What is Kanban?
The term Kanban came into existence almost 50 years back when Taiichi Ohno, an engineer at Toyota Automotive, developed the first Kanban system to improve manufacturing efficiency.
The idea of Kanban was taken from an unlikely inspiration, a supermarket. They noticed that supermarkets re-stocked an item according to the store’s supply and not the vendor’s supply.
Supermarkets replenished items only when they were nearly out of stock. The ‘just-in-time’ inventory management and delivery process of the grocer’s sparked an interest in Toyota to adopt a similar approach where inventory matched to demand.
The four core principles of Kanban are:
- Visualize work
- Limit work-in-progress
- Focus on flow
- Continuous improvement
How Toyota applied Kanban?
Kanban is ‘visual sign’ or ‘card’ in Japanese. It is a visual scheduling system, and one of the methods for Just-in-Time and simplifies the process of knowing what and how much to produce.
Toyota adopted Kanban to visualize steps in the engineering process. It is important to remember that Kanban is applied to an existing system. It does not add any functionality to your system, it simply optimizes the workflow by visualizing both the workflow and work passing through the flow.
The aim behind Toyota’s adoption of Kanban was to align their inventory levels with actual demand. Think of Kanban like an empty box. Every time a bin of materials was emptied, a card or ‘kanban’ was passed to the warehouse to know how much stock was needed. This way kanban cards are passed right from the suppliers to the sellers. The goal of Kanban is to limit excess inventory at any point in the production line.The highly visual nature of this system enables smoother communication between teams and keep track of pending work in real-time, thereby reducing delays and maximizing productivity.
A typical Kanban system will include the following stages-
- ‘To do’
- ‘In progress’ or ‘Doing’
Six Rules of Toyota for Implementing Kanban
Toyota has formulated six rules for the application of Kanban
- Each process issues a request (kanban) to its suppliers when the previous supply is consumed
- Production is according to the quantity and sequence of incoming requests.
- No items are made or transported further on the supply chain without a request.
- The request associated with a product is always attached to it.
- Processes must not manufacture defective items, to ensure that finished products are defect-free.
- Limiting the number of pending requests in the workflow makes the process more sensitive and reveals inefficiencies.
Industrial Applications of Kanban
The Kanban system can be implemented in the varied business processes to streamline workflow management.
A sales team might use a kanban model with these stages-
- First Contact
- Proposal Presented
Kanban in sales is useful as it helps salespeople focus on the task at hand, as kanban prioritizes only work in progress.
With a more organized approach towards work, sales professionals enjoy it even more without distractions.
Kanban systems in manufacturing communicate the need to replenish stocks or produce an item. Kanban is extremely popular as a lean manufacturing technique it serves to eliminate wastes and excess inventory.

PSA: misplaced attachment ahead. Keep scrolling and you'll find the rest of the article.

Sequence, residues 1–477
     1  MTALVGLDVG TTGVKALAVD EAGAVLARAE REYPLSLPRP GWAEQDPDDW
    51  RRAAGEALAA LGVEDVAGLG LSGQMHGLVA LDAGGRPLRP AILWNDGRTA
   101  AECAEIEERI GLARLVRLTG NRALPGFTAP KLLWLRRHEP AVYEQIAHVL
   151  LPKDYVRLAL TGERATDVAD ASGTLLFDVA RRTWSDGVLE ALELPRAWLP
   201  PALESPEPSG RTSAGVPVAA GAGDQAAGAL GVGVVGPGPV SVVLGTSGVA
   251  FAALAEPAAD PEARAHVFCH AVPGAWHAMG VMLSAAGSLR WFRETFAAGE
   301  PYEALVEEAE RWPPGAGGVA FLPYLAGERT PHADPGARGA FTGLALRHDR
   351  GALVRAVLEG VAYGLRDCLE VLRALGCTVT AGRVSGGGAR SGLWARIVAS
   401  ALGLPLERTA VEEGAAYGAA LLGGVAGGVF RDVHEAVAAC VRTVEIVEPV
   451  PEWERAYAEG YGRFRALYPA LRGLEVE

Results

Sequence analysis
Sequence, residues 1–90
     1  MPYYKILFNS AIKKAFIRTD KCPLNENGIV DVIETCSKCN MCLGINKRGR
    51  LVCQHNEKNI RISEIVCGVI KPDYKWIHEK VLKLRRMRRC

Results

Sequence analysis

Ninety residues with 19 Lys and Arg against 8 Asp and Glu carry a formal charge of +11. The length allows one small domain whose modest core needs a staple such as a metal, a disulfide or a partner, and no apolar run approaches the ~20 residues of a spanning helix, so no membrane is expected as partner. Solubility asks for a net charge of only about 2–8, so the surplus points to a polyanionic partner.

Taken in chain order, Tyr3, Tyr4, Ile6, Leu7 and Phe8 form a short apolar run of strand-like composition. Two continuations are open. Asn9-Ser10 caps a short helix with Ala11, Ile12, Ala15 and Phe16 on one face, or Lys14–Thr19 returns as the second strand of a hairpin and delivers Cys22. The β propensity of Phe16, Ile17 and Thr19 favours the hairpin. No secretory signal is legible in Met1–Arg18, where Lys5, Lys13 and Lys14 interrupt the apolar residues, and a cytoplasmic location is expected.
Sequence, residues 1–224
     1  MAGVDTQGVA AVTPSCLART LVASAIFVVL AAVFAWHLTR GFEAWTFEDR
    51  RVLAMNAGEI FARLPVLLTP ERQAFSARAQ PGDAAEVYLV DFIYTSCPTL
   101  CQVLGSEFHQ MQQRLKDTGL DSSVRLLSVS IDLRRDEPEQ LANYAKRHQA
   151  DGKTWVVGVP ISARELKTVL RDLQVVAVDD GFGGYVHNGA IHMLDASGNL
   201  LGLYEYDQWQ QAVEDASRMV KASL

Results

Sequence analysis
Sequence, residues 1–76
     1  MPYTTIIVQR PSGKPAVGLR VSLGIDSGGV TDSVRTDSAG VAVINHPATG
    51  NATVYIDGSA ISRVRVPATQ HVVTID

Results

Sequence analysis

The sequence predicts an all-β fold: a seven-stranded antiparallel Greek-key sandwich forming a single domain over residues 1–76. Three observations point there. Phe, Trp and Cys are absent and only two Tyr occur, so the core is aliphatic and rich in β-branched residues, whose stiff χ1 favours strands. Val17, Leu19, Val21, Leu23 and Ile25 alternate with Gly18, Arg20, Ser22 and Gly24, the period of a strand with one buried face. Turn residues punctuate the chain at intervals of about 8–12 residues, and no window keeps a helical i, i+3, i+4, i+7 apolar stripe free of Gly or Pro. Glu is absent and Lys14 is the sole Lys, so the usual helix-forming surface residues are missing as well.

Some of the common stages of a kanban inventory system in a manufacturing facility would be-
Software development teams will usually have workflow consisting of many functional steps with sub-steps. Some of the kanban cards for a Devs team could be-
- Business / Client Requirements
- Ready to Start
- In Progress
Supply Chain Management
Kanban plays a significant role in supply chain and inventory management as it was mainly developed to match production with demand. By adhering to the technique of just-in-time, Toyota developed kanban to manage workflow organization and inventory replenishment. Kanban was initially used in manufacturing to manage material flow on the production assembly line. As mentioned before, Kanban does not add additional features, thus, setting up kanban inventory system requires visualizing workflow in kanban view within your existing inventory management system. Though kanban may not directly impact inventory management, its principle of production according to changing consumer demand facilitates greater inventory control along the way.
Benefits Of Kanban
Optimized Inventory levels
Since inventory of components is not replenished until it is absolutely needed, there reduces the need for additional storage space and prevents cash flow to be tied up in excessive inventory. Kanban enables maintaining accurate inventory levels in real-time.
Prevents Product Obsolescence
Even if a product or component design needs upgrades, it is incorporated in the final product as soon as possible. There is no component or inventory that goes wasted or becomes obsolete.
Kanban is a demand pull system meaning work is pulled from the previous stage according to the designated need for production. Kanban adheres to Just-in-Time inventory principles which is why it eliminates the need to keep too much safety stock to deal with unexpected delays during the production line.
Kanban inventory control system focuses on current demands, therefore, production capacity is set accordingly. If there is a sudden surge in demand for a product, Kanban ensures the minimum possibility of excess inventory. This gives the production process some flexibility in responding to dynamic demands.
Kanban also provides adaptability to the production line as it can be easily switched to different products depending as the demand keeps changing for products.